Willkommen auf den Seiten des Auswärtigen Amts
Honorable Mr. Krit Thanavanich,
Distinguished Dr. Rome Chiranuchrom,
Distinguished Dr. Pathamarat Nakanitanon,
Dear Hagen Dirksen
Dear Prof. Harald Hundius,
Dear Mr. David Wharton,
Dear Dr. Suchanart Stanurak,
Dear Khun Ubonphan,
Distinguished Guests, Ladies and Gentlemen,
A very warm welcome to all of you to this celebration and dinner reception on the occasion of the completion of the German-Thai project to digitize historic Northern Thai Manuscripts.
The German Government has been supporting this project since 2013 and we are proud to have contributed to its successful completion. It is the last chapter in a long history of German assistance in support of research and preservation of Northern Thai literary heritage, beginning more than 40 years ago.
Our experts and driving forces behind this programme, Prof. Hundius and Mr. David Wharton, will in a few minutes give you an insight into the achievements and findings of the project. Before that, however, allow me to say a few words on the German government’s involvement through our Cultural Preservation Programme more in general.
The German Cultural Preservation Programme (CPP) was established in 1981 in support of the preservation of cultural heritage across the globe, focusing on providing assistance to countries where there is an immediate threat to cultural property and heritage sites. Since then, the CPP has supported some 2,750 projects in 144 countries with a total of about 70 million euros (2,5 billion Thai Baht).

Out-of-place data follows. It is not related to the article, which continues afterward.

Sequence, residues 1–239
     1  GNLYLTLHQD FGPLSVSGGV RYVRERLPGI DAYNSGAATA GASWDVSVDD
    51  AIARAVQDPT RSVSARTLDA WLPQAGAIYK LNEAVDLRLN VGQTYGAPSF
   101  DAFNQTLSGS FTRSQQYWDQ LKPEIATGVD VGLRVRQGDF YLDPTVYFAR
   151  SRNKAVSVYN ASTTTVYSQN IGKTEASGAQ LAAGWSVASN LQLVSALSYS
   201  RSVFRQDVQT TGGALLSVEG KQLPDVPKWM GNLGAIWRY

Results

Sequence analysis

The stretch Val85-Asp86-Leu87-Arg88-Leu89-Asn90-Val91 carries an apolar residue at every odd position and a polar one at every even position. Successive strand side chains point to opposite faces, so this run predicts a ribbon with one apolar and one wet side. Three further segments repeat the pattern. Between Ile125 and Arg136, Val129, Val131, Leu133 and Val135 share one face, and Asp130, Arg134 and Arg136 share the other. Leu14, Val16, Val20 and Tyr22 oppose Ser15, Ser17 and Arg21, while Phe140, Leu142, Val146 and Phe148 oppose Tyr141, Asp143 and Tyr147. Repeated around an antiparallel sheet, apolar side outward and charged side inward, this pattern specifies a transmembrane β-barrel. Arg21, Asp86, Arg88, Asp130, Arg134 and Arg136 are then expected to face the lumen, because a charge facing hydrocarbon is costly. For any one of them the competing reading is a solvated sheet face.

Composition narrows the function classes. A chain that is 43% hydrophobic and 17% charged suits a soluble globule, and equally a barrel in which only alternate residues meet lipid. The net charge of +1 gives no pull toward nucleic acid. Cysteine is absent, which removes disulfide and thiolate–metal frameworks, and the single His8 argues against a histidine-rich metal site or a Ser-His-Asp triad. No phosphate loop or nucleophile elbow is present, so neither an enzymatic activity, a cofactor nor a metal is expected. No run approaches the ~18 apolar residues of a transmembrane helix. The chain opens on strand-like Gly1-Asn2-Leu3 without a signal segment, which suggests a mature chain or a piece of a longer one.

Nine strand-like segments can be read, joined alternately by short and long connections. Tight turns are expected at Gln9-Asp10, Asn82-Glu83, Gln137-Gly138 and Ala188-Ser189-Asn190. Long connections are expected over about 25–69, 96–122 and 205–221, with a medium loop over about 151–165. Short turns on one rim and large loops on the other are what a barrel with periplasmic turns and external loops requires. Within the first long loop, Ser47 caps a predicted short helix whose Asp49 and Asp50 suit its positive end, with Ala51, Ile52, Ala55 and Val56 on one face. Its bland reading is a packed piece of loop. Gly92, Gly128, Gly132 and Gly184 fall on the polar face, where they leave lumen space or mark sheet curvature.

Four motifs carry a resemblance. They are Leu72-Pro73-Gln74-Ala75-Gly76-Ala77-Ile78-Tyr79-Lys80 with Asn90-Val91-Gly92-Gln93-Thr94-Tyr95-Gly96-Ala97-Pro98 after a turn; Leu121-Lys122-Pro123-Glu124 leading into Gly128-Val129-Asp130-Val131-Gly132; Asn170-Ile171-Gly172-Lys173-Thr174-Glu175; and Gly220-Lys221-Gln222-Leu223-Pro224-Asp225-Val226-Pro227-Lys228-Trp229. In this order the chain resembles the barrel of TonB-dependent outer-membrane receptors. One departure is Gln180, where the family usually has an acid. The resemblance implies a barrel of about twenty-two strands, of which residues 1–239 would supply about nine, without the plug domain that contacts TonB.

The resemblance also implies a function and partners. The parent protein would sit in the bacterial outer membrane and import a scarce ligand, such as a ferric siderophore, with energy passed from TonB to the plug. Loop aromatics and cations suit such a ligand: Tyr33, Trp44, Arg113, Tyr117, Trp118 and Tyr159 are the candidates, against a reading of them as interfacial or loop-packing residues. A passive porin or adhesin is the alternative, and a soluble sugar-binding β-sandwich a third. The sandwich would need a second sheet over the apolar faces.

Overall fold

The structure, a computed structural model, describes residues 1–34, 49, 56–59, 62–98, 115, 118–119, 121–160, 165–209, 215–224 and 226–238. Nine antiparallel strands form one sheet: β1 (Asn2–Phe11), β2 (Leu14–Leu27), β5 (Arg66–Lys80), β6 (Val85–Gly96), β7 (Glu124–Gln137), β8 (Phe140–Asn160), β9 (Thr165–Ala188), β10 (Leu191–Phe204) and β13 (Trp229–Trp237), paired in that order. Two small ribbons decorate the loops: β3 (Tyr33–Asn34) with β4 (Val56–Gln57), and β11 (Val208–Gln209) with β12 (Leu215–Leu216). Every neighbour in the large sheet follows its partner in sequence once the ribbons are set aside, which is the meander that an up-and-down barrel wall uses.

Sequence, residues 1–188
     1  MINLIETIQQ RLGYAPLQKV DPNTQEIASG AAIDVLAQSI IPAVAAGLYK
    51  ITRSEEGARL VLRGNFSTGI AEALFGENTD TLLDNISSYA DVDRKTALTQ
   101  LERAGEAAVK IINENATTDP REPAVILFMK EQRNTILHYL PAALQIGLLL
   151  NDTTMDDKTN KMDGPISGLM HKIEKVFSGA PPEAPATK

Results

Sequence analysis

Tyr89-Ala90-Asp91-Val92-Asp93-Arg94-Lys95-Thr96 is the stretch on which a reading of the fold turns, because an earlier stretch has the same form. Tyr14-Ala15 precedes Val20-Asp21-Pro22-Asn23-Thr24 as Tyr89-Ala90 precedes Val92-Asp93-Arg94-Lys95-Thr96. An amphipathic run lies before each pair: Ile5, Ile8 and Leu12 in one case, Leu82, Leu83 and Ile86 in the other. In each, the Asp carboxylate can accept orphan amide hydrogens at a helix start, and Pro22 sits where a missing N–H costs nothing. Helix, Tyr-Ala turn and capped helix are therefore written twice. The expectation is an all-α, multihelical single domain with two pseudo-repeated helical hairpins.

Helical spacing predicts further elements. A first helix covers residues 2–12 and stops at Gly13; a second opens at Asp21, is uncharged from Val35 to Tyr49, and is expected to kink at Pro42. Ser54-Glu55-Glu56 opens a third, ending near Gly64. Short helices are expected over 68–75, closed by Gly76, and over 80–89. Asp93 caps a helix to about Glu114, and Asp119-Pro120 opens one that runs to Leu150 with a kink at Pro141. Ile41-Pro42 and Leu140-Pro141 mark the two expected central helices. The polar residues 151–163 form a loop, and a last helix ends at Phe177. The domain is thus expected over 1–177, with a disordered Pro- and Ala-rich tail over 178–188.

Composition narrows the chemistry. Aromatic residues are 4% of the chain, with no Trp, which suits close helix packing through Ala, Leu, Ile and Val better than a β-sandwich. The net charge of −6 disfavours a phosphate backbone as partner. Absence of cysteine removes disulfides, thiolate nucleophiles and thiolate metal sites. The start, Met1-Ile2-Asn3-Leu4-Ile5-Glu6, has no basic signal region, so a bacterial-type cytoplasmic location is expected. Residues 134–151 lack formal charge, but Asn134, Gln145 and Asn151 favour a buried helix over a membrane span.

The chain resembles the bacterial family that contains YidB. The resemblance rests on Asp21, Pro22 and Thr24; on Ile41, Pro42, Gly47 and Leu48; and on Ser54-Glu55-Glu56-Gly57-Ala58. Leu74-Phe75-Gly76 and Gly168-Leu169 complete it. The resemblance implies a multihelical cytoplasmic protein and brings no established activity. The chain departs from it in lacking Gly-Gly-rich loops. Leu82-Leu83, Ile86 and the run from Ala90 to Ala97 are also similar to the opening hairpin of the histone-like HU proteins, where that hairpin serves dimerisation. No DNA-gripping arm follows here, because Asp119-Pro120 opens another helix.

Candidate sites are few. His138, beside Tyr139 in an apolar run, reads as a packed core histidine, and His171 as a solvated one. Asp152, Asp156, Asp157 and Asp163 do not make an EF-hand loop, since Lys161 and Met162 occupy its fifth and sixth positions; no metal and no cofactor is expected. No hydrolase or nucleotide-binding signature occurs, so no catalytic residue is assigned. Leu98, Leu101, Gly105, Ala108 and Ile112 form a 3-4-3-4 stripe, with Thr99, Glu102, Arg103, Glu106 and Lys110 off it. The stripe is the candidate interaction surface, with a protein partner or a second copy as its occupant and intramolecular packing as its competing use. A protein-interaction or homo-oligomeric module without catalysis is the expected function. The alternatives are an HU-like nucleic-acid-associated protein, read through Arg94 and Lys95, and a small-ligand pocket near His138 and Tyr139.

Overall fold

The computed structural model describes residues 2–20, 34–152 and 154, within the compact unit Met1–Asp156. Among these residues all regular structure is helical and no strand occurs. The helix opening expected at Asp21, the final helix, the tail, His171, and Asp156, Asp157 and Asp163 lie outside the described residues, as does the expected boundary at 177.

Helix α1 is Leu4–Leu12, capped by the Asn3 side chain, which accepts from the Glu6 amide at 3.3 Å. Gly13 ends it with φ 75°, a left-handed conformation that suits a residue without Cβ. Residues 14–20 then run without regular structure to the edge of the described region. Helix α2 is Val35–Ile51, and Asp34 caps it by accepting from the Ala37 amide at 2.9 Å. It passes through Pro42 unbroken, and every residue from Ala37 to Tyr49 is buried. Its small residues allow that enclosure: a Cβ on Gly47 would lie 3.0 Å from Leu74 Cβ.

Based on the assumption that cultural assets are the very foundation of people’s identity and self-esteem, of their perception of and appreciation for their homeland, and of their orientation about what and who they are and belong to, the CPP was designed to help protect and maintain cultural identity and diversity as one of the priorities of the Federal Foreign Office’s cultural work abroad. Preserving cultural heritage helps people understand their own origins and identity while, at the same time, promoting respect for and dialogue with other cultures. It thus contributes to the mutual understanding and peaceful coexistence of peoples and cultures.
Projects under this programme, throughout the last 37 years, covered a wide range of activities such as:
- restoring or conserving historical buildings, artefacts and manuscripts,
- collecting and documenting oral traditions in music and literature,
- conserving and digitizing historic manuscripts and film/audio archives,
- documenting endangered cultural heritage,
- organizing exhibitions and colloquia on cultural heritage,
- or even providing training for restorers, archivists, museum experts and researchers.
And I would like to emphasize in particular this last point: Projects under this programme are usually developed and implemented in close cooperation with experts and the local populations. They are often supplemented with a training component in the field of conservation and restoration. Therefore, through its funding CPP also fosters knowledge transfer and creates employment and income opportunities for the involved local communities. This helps enhance the success and sustainability of the measures as much as it intensifies cooperation and cultural dialogue among partners.
The Kingdom of Thailand, throughout the last 37 years, has been a privileged partner of this programme with a large variety of projects supported in the Kingdom including for instance: